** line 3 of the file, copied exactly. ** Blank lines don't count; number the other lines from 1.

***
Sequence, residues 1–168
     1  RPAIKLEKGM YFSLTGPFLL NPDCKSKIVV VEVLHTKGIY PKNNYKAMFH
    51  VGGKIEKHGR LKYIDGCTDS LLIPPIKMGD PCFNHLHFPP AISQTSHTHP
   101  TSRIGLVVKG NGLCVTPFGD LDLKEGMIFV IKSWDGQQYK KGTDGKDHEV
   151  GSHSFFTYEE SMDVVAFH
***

    51  VGGKIEKHGR LKYIDGCTDS LLIPPIKMGD PCFNHLHFPP AISQTSHTHP